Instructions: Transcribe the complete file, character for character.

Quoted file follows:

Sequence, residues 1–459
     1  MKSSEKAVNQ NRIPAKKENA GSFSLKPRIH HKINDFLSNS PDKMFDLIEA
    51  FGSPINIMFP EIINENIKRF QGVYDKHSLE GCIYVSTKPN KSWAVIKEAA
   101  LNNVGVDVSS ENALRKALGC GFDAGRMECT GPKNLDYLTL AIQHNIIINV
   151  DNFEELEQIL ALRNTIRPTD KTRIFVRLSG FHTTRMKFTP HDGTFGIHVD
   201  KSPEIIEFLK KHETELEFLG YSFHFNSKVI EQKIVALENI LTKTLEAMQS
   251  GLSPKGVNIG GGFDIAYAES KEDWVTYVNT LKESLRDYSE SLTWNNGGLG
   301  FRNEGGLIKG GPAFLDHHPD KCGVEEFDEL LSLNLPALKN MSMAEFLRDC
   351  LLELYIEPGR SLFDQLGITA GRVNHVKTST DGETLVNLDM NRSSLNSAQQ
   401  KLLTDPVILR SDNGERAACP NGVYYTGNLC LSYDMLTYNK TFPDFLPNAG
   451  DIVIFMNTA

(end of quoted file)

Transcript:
Sequence, residues 1–459
     1  MKSSEKAVNQ NRIPAKKENA GSFSLKPRIH HKINDFLSNS PDKMFDLIEA
    51  FGSPINIMFP EIINENIKRF QGVYDKHSLE GCIYVSTKPN KSWAVIKEAA
   101  LNNVGVDVSS ENALRKALGC GFDAGRMECT GPKNLDYLTL AIQHNIIINV
   151  DNFEELEQIL ALRNTIRPTD KTRIFVRLSG FHTTRMKFTP HDGTFGIHVD
   201  KSPEIIEFLK KHETELEFLG YSFHFNSKVI EQKIVALENI LTKTLEAMQS
   251  GLSPKGVNIG GGFDIAYAES KEDWVTYVNT LKESLRDYSE SLTWNNGGLG
   301  FRNEGGLIKG GPAFLDHHPD KCGVEEFDEL LSLNLPALKN MSMAEFLRDC
   351  LLELYIEPGR SLFDQLGITA GRVNHVKTST DGETLVNLDM NRSSLNSAQQ
   401  KLLTDPVILR SDNGERAACP NGVYYTGNLC LSYDMLTYNK TFPDFLPNAG
   451  DIVIFMNTA